It started with a stolen check and it ended with an undercover sting operation.
"We were contacted by the attorneys of a real estate management firm in the suburbs of a tax refund check that they were missing," explained U.S. Postal Inspector Michael Van De Putte.
The check value was nearly $1 million.
"Checks like the one in this case of approximately $955,000 are not often negotiated at your local bank branch," he added.
But the IRS-issued check was stolen within a day.
"After an investigation we found someone attempted to create a bank account in the name of that business and cash that check," explained Van de Putte.
Investigators say the mastermind, named Dion Franklin, paid a young woman to open that account and asked her to deposit the check the next day. Postal inspectors quickly nabbed that person and enlisted her in their effort to find the others involved.
"This person decided to cooperate with us, as it was in their best interest, and agreed to wear a surveillance device and attempt to get the mastermind," said Van de Putte.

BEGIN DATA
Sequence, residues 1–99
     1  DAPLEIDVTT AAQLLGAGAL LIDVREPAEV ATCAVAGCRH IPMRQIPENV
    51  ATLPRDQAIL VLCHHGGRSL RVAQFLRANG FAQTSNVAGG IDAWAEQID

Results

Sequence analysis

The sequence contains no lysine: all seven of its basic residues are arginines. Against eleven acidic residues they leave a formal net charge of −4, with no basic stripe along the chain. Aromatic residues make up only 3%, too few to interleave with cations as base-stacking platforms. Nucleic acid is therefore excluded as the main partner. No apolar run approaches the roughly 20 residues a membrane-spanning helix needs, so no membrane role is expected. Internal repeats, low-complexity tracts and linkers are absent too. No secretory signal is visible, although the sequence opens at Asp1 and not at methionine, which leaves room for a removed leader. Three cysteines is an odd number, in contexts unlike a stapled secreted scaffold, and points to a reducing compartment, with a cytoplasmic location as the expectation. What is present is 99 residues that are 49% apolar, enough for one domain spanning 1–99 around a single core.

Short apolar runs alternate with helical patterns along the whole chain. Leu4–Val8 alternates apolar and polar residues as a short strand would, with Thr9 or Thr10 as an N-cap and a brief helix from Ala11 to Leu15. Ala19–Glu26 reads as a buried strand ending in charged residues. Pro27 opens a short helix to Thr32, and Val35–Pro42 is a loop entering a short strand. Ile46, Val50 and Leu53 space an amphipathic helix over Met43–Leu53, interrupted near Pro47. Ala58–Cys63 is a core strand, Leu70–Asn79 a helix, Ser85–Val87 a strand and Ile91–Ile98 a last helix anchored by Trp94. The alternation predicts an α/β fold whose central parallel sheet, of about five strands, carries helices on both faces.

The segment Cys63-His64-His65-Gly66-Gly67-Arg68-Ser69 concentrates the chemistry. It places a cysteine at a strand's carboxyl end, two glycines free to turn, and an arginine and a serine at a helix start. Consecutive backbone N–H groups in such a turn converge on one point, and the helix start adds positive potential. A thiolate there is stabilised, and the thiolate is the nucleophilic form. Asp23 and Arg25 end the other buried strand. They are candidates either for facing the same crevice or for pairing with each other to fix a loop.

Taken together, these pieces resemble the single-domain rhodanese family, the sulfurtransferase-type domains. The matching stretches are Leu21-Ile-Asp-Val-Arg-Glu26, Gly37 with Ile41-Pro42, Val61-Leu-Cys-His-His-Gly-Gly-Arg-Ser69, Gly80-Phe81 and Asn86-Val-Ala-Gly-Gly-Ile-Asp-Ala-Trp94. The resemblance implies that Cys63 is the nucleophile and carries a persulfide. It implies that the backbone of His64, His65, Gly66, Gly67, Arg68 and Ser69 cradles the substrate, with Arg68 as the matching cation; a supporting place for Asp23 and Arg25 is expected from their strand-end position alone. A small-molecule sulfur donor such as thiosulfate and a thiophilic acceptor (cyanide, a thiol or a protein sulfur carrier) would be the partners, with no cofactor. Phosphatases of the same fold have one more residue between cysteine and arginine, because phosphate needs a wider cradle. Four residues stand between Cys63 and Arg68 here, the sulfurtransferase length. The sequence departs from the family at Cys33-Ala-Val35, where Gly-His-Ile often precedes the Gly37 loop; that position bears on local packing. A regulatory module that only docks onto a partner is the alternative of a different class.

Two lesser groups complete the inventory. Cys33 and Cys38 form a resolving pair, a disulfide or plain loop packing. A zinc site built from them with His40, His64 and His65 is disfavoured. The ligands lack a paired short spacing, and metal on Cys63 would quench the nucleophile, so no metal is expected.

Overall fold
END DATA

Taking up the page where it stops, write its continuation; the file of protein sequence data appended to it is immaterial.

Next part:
Inspectors then set up a meeting and Van de Putte explained, "They began talking for 40 minutes and several different occasions mentioned the check and why she hadn't gotten her money yet... why the check hadn't been cashed, what went wrong?"
Then, a bizarre twist.
"He then tried to turn around and blame everything on the informant which forced us to do lie detector tests on both individuals and the scheme came out that he was the mastermind and was the one who came up with the idea," said Van de Putte.
Inspectors say the lead criminal often takes advantage of those less fortunate.
"I got a quick way to make $50 or $100 or even up to $500 all you have to do is open this bank account and use your name and they put themselves in the line of fire," said Van de Putte.
Meantime, Dion Franklin pleaded guilty to theft and embezzlement of public funds. He was sentenced to 18 months of jail time.